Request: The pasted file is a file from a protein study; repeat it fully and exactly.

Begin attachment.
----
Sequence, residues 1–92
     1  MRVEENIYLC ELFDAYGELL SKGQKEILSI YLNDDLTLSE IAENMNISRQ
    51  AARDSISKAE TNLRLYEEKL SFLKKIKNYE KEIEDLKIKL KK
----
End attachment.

Sequence, residues 1–92
     1  MRVEENIYLC ELFDAYGELL SKGQKEILSI YLNDDLTLSE IAENMNISRQ
    51  AARDSISKAE TNLRLYEEKL SFLKKIKNYE KEIEDLKIKL KK